- Can Boosting Minority Car-Ownership Rates Narrow Inter-Racial Employment Gaps?
During the past three decades, considerable effort has been devoted to assessing the importance of spatial mismatch in determining racial and ethnic differences in employment outcomes. The hypothesis posits that persistent racial housing segregation in U.S. metropolitan areas coupled with the spatial decentralization of employment have left black and, to a lesser extent, Latino workers physically isolated from ever-important suburban employment centers. Given the difficulties of reverse commuting by public transit and the high proportions of blacks and Latinos that do not own cars, this spatial disadvantage literally removes many suburban locations from the opportunity sets of inner-city minority workers.
Mismatch proponents argue that closing racial and ethnic gaps in employment and earnings requires improving the access of spatially isolated minorities to the full set of employment opportunities within regional economies. Improving accessibility can be accomplished through a combination of community development, residential mobility, and transportation programs.1 Among the latter set of options, a potential tool for enhancing [End Page 99] accessibility would be to increase auto access for racial and ethnic minorities. Racial differences in car-ownership rates are large, comparable in magnitude to the black-white difference in home-ownership rates documented by Melvin L. Oliver and Thomas M. Shapiro.2 Moreover, car-ownership rates for low-skilled workers are quite sensitive to small changes in operating costs, suggesting that moderate subsidies may significantly increase auto access for racial and ethnic minorities.3
In this chapter, we assess whether boosting minority car-ownership rates would narrow inter-racial employment rate differentials. We pursue two empirical strategies. First, we explore whether the effect of auto ownership on the probability of being employed is greater for more spatially isolated populations. The housing segregation literature demonstrates that blacks are highly segregated from the majority white population and in a manner that isolates blacks from new employment opportunities. Latino households are also segregated, though to a lesser degree than black households. If mismatch reduces minority employment probabilities, and if auto ownership can partially undo this effect, the employment effect of auto ownership should be greatest for the most segregated populations (that is, blacks, then Latinos, then whites).4 We test this proposition using microdata from the Survey of Income and Program Participation (SIPP).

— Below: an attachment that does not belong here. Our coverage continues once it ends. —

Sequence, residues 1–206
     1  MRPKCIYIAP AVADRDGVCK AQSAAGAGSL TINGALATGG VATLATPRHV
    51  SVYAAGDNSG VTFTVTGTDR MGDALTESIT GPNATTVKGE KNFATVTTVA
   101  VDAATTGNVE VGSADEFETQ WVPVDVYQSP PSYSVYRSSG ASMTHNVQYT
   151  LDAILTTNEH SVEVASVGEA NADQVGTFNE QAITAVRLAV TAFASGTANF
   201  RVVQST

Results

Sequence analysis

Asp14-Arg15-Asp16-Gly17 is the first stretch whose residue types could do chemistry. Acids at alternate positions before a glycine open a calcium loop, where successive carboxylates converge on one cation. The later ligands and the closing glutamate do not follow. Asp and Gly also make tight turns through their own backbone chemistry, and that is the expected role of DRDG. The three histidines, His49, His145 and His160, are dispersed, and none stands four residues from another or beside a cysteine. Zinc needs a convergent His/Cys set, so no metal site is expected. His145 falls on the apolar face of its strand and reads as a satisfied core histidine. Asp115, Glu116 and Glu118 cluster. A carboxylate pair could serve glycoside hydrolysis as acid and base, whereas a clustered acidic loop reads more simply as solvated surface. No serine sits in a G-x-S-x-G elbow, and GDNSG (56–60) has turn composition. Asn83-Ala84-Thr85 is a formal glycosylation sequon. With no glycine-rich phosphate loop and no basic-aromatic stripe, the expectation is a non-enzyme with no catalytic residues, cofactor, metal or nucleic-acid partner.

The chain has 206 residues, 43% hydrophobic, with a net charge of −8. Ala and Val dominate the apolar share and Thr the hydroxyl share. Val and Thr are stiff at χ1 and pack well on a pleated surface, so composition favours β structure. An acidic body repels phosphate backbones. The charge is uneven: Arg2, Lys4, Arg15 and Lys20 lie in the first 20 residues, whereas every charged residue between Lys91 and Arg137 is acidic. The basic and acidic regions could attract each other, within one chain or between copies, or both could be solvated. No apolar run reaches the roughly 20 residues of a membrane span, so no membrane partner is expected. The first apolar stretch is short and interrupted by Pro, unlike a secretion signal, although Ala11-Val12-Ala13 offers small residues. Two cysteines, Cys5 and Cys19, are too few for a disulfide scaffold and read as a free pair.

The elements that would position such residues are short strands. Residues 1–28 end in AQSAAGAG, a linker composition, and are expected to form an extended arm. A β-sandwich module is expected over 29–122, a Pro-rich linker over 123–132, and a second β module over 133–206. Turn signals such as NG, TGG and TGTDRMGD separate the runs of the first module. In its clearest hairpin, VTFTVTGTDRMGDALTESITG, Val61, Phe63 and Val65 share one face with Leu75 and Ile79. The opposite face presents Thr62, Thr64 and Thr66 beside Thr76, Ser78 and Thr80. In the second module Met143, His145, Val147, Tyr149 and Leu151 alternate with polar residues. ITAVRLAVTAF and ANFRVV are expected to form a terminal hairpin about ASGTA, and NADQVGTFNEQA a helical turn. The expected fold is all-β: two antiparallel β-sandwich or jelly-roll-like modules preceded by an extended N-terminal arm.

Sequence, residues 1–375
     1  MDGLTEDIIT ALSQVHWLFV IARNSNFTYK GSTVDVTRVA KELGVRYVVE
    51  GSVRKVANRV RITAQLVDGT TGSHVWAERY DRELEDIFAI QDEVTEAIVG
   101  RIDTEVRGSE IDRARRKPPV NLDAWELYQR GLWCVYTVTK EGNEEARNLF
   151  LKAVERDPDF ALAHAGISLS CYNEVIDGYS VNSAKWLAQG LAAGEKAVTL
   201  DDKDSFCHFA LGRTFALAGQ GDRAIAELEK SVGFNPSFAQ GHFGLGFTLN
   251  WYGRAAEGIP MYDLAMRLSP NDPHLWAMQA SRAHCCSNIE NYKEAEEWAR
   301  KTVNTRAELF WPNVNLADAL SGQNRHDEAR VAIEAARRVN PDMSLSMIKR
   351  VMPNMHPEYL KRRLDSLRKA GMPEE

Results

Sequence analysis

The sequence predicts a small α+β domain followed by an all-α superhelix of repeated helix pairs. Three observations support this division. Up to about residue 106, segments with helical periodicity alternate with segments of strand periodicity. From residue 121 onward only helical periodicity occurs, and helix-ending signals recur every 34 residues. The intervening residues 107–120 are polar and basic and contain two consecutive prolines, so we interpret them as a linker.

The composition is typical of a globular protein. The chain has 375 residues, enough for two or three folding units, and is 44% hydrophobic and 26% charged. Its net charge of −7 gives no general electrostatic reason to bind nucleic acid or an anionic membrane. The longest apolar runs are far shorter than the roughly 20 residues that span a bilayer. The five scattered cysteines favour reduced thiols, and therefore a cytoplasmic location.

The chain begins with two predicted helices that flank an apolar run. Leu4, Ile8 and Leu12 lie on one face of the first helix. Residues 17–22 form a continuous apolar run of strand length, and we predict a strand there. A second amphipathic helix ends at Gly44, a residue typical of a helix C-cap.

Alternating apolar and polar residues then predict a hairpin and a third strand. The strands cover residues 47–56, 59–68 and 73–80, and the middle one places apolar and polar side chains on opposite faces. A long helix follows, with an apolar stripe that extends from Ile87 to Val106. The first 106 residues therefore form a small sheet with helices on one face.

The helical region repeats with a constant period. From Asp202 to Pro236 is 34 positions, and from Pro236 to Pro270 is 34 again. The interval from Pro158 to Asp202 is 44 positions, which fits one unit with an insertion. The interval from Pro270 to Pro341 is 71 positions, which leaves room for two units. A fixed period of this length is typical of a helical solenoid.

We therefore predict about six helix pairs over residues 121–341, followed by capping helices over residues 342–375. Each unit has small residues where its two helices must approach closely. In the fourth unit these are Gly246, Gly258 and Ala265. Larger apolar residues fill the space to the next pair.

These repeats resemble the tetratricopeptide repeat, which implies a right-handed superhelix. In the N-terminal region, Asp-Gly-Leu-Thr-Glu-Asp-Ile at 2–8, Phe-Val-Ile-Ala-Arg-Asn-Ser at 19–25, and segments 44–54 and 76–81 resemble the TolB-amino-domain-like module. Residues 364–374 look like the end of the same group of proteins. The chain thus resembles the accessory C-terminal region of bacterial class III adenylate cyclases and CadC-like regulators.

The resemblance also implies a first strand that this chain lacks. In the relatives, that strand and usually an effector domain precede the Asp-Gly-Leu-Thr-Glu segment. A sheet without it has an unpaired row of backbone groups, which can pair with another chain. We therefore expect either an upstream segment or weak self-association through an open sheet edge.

Next, we investigate whether the differences in the car-employment effects between blacks and whites increases with the severity of spatial mismatch. If spatial mismatch yields a car-employment effect for blacks that is larger than that for whites, then the black-white difference in the car-employment effect should be larger in metropolitan areas where blacks (relative to whites) are particularly isolated from employment opportunities. To test this proposition, we first estimate the black-white difference in the car-employment effect for 242 metropolitan areas in the United States. Next, we construct corresponding metropolitan-area measures of the relative spatial isolation of blacks from employment opportunities. We then test for a positive relationship between these two metropolitan-area level variables.
We find strong evidence that having access to a car is particularly important for African Americans and Latinos. We find a difference in employment rates between car-owners and non-car-owners that is considerably larger among blacks than among whites. Moreover, the car-employment effect for [End Page 100] Latinos is significantly greater than the comparable effect for non-Latino whites yet significantly smaller than the effect for blacks. Finally, the black-white difference in the car-employment effect is greatest in metropolitan areas where the relative isolation of blacks is most severe. Our estimates indicate that raising minority car-ownership rates to that of whites would considerably narrow inter-racial employment rate differentials.
Auto Access, Race, and Labor Market Prospects
During the past three decades, household access to automobiles in the United States has increased considerably. Between 1969 and 1995, the average number of automobiles per household doubled from one to two. Moreover, this increase coincided with a 17 percent reduction in household size. Over the same period, the number of households with zero vehicles declined from 13 million (21 percent of the 1969 household...